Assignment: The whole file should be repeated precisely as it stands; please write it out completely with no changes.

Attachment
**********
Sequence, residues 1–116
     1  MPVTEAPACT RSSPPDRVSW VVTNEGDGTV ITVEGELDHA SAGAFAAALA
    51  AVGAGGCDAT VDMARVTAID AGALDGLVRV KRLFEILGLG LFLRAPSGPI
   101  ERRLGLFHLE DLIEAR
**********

Sequence, residues 1–116
     1  MPVTEAPACT RSSPPDRVSW VVTNEGDGTV ITVEGELDHA SAGAFAAALA
    51  AVGAGGCDAT VDMARVTAID AGALDGLVRV KRLFEILGLG LFLRAPSGPI
   101  ERRLGLFHLE DLIEAR